12. CraigC
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    CraigC Member

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    I would absolutely NOT recommend anybody convert a .45Colt to a .454 for multiple reasons. Part numbers are irrelevant. It's the barrel that contains the pressure and that is most certainly going to be different. It's the receiver that must withstand the backthrust. Part numbers for the receiver? Probably not. The .45Colt typically has grossly oversized chambers so a .454 reamer probably won't clean up a .45Colt chamber and you wouldn't want to be running a 65,000psi cartridge in an oversized chamber cut from a generous .45Colt. I seriously doubt ANY reputable gunsmith would do such a conversion.

    A handloader doesn't need the .454 anyway.


    Or drive that bullet 1000fps faster and double your effective range. :rolleyes:
     
  13. muskoka4444

    muskoka4444 Member

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    Yes I agree about converting 45LC to 454, dont do it.

    I was just trying to find out if the receiver and locking bars are common on all versions.
    For example, can a Rossi 44 Mag handle the 45,000 to 50,000 PSI Buffalo Bore +P+ loads?
     
    Last edited: Jan 14, 2013
  14. CraigC
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    CraigC Member

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    There are no 60,000psi Buffalo Bore .44Mag loads. Such loads would be suicide for Buffalo Bore. Even the .454 is typically not loaded over 55,000psi.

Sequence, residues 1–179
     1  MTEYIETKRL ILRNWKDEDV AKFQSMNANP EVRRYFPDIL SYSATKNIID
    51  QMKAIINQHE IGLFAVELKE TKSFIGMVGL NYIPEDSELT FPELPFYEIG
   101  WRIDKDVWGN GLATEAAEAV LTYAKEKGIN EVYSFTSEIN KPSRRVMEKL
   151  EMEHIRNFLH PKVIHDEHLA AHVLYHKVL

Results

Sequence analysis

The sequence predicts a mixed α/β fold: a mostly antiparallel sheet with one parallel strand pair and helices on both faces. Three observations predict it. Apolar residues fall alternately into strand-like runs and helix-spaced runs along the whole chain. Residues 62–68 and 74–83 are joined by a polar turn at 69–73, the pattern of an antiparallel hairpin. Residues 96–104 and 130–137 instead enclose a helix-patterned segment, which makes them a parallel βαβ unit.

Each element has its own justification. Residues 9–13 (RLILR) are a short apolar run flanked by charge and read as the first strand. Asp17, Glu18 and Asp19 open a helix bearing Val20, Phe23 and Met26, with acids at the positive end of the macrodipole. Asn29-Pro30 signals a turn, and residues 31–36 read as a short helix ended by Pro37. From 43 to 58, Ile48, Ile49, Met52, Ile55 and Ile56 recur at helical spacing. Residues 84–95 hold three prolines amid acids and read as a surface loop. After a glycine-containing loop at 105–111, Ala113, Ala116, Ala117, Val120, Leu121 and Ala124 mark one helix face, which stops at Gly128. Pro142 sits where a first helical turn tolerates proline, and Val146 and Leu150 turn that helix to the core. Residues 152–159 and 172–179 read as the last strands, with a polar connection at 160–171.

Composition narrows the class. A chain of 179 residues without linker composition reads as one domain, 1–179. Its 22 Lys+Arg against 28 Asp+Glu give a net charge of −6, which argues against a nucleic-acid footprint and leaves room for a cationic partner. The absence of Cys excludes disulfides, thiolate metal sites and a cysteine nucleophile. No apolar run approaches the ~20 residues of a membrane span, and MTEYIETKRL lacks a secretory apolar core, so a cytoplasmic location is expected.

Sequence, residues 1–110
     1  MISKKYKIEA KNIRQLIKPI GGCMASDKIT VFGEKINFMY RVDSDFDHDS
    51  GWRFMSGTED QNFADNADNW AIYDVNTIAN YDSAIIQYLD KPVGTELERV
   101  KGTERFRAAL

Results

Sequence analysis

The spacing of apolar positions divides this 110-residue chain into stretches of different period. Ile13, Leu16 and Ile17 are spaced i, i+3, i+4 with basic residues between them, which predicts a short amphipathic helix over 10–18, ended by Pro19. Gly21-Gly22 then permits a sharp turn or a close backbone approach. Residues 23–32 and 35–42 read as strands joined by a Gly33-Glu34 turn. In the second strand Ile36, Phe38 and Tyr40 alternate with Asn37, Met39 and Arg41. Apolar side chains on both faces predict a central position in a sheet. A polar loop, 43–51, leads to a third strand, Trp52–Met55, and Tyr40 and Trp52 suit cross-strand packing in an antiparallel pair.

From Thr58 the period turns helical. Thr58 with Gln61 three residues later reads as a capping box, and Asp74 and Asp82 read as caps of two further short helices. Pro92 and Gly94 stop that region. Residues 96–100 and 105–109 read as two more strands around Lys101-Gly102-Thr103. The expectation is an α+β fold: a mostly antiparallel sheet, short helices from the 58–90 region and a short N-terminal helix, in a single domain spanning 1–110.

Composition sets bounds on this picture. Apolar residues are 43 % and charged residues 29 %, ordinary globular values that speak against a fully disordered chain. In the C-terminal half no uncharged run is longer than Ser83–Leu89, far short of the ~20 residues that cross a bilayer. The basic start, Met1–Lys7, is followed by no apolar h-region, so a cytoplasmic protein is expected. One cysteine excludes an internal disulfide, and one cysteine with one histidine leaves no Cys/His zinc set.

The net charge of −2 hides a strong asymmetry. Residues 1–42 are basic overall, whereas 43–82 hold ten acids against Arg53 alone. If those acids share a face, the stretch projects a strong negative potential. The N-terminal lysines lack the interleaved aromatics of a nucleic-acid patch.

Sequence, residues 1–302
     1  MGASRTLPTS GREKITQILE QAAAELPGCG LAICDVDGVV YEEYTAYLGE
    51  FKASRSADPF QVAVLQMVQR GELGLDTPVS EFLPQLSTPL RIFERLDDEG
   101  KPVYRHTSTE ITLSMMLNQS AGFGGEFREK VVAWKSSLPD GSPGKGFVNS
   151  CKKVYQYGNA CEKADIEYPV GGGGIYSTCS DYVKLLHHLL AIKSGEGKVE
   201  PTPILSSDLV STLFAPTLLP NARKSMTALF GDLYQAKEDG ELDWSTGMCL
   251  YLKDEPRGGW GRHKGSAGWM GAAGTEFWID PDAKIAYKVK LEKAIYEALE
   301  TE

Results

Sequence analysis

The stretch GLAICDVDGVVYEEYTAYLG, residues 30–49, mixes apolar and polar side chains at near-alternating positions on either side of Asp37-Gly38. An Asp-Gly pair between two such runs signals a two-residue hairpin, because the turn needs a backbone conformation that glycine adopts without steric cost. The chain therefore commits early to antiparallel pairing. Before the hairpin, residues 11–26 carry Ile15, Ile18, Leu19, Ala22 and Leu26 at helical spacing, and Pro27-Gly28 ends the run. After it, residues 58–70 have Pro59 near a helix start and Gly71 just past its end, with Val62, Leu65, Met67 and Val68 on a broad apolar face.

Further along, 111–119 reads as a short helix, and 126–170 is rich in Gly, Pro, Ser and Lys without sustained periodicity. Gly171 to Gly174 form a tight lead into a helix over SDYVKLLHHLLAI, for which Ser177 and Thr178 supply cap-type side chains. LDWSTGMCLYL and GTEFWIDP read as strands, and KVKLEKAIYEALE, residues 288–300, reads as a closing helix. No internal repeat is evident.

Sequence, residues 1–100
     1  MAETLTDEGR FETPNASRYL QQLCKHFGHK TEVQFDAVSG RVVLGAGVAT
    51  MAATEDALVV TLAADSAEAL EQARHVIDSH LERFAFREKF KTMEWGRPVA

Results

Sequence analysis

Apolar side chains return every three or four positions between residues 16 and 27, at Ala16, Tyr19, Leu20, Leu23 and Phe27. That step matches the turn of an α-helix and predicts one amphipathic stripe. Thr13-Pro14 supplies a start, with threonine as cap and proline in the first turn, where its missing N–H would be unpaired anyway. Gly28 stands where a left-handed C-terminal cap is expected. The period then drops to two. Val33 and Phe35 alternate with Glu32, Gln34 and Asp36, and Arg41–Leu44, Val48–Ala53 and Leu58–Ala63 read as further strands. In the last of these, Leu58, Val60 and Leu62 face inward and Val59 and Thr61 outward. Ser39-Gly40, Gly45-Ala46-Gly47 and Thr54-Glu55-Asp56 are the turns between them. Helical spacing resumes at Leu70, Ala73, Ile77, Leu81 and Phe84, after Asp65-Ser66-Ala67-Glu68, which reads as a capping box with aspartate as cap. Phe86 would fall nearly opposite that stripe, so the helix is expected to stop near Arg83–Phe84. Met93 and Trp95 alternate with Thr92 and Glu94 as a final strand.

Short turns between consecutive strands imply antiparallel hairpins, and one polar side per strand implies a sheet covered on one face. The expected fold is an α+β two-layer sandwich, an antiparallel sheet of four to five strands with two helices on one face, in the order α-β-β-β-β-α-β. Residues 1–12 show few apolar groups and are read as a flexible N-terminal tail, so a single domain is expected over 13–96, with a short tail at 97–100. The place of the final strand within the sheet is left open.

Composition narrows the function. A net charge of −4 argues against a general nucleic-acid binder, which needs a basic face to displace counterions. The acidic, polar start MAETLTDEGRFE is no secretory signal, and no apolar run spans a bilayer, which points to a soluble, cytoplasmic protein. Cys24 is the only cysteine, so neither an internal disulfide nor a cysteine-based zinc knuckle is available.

15. bergmen

    bergmen Member.

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    CraigC is correct. According to SAAMI, the chamber dimensions for .454 Casull are much tighter than the SAMMI specs for .45 Colt:

    [Images Deleted]

    I had to remove these images because they are protected by Copyright. They can be downloaded by going to the SAAMI site.

    Dan
     
    Last edited: Jan 14, 2013
  16. Bill_Rights

    Bill_Rights Member

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    OK, OK - "Uncle"!

    OK, I agree that it is a bad idea to convert .45LC to .454 Casull. Bergmen's SAAMI dimension are pretty sobering. If I read correctly, the cartridge diameter is given in two places, 1) near the base/rim after any deformation from that is healed and 2) near the bullet crimp after any deformation from that is healed. Again, if I read correctly, the .45 LC firing chamber is bigger in diameter, as follows:

    Location: ......Near Base .......... Near Crimp... Case Taper
    .45 LC.......... 0.4862" ............. 0.4806" ....... 0.0056"
    .454 Casull.... 0.4797" ............. 0.4779" ....... 0.0018"
    Difference: ... 0.0065" ............. 0.0027" (.45LC is LARGER)

    These (above) are from the bottom panel of each cartridge's SAAMI drawing. Apparently the top drawing panel for each cartridge gives a "CYL" dimension, which I take to be a nominal or average diameter. These are: